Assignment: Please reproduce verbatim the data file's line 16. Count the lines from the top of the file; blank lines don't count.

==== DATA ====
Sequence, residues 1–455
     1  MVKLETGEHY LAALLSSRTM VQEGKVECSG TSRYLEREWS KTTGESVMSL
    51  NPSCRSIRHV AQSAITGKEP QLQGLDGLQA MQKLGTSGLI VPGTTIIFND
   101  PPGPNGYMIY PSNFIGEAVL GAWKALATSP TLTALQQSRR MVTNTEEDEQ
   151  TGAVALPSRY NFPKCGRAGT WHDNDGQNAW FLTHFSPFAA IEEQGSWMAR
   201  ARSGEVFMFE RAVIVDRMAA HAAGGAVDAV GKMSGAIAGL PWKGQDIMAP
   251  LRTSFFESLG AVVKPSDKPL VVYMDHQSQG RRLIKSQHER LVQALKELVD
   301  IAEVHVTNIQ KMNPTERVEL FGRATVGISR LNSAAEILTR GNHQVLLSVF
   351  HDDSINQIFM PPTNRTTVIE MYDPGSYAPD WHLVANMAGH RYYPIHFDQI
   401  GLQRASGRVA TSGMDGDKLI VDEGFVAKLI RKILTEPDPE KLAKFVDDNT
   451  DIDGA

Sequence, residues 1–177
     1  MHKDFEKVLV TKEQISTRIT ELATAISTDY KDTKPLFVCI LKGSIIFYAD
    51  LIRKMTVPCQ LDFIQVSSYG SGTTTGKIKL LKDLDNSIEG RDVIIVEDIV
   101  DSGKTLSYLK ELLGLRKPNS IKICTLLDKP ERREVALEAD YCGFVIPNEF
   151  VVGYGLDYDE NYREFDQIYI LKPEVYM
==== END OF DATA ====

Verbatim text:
   151  VVGYGLDYDE NYREFDQIYI LKPEVYM